ePiC is right, they get rid of their large brooders at the end of the summer.
But forget it. You don't want those, you want fish that were put in at a smaller size some years ago, and which have survived and grown to the size you want, and have become wild fish -- no longer stockers. Quite a few lakes have those.
I was out at Lon Hagler Res. around September or so last year when the truck stopped by and tossed out about 400 rainbows in the 22-24 inch range. It was ridiculous. These fish were not only totally out of shape with no muscle tone, they were also unsophisticated and dumb as a stick. They didn't even know how to feed themselves in the wild. I went right over to where they put them in, and caught/released a couple just to make sure I knew what they were.
It was no challenge, believe me. As I walked around the shore, I could see little wakes beside me. Those fish were following me! They wanted me to feed them!
I don't know why, but the whole thing just made me feel bad, somehow. It was just wrong. I guess I felt sorry for the fish, and that's not something that happens very often.
Nothing wrong with targeting nice big trout, but the ones you want have survived past the stage of being "stockers" and have grown up in the wild.
I hear you W.E. That is sad in a way...I could feel sorry for the fish as well.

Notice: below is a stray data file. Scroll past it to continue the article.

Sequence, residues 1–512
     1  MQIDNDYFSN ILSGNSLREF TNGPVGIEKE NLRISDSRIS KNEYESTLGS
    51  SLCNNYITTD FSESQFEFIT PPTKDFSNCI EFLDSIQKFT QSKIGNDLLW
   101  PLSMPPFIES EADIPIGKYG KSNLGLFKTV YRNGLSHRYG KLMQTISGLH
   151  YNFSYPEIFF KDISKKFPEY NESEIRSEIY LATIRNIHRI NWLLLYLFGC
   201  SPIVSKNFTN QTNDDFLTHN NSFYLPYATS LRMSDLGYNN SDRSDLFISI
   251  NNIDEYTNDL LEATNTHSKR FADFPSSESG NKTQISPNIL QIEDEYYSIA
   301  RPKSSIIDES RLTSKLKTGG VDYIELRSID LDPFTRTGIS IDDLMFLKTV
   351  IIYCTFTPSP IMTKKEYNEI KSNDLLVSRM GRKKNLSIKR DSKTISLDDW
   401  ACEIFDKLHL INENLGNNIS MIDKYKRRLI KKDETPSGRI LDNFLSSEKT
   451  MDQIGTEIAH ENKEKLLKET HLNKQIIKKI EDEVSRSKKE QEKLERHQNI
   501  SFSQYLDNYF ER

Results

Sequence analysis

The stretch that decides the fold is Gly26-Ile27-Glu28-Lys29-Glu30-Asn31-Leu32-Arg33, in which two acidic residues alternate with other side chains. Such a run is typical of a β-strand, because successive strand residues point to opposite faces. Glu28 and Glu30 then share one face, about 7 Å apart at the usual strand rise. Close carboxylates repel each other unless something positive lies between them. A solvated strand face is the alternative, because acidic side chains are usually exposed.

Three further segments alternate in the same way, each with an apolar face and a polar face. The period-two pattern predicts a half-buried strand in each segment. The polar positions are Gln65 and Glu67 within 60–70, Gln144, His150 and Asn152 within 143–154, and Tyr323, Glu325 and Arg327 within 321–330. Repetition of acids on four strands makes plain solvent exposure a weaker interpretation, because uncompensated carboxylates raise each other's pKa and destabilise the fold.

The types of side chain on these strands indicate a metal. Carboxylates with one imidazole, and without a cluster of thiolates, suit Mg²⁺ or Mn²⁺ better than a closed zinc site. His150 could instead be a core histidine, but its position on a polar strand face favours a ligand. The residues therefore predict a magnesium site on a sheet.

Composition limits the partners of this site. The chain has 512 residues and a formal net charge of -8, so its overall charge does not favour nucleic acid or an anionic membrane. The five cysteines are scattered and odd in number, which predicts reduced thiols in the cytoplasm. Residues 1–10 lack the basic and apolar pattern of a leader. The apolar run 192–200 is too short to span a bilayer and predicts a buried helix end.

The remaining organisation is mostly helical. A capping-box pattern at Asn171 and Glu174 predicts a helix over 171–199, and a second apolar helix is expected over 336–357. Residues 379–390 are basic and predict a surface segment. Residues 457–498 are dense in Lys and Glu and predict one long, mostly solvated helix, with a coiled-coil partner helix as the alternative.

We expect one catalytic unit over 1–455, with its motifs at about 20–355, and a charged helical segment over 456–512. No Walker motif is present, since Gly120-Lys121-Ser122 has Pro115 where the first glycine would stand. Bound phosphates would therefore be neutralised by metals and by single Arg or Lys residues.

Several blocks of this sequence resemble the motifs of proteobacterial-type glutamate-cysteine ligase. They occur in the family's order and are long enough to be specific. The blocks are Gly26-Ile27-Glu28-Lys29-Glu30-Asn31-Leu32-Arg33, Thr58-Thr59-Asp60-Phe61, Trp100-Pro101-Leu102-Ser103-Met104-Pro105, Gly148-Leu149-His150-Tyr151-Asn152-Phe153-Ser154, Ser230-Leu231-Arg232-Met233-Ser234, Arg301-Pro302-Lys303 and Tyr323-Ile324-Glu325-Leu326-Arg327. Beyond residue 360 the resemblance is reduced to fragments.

Horsetooth reservior has some big (now wild) rainbows in it. I'm sure most of the stocked lakes and reserviors in colorado have the fish that become smarter than the average stocker and survive to become big 'wild' fish. they also get harder to catch. it's our job to go fool them.;
I was at Chatfield last summer when the truck showed up. They put 4000 8-12 inch rianbows in. Dumbest fish you ever saw. They would hit on anything. a lot were caught within minutes of being released by folks who followed the truck in. 4 hours later I caught 4 or 5 myself in the cove they were released in, in about 5 minutes........Dumb fish.
Last year, the week before Memorial Day, I took the week off and somehow unintentionally ended up following the stocking truck. Caught rainbows one cast after another at Georgetown, then saw the truck at Cherry Creek, then at Jackson. Figured they were stocking for the weekend. If you want stockers, this time of year they're going to be 8-12 inches and wait before the holiday.
I tend to prefer the ones that have been in for a while as well. You can really tell the difference not only in the catching, but the meat will be pink instead of white and much firmer and more tasty.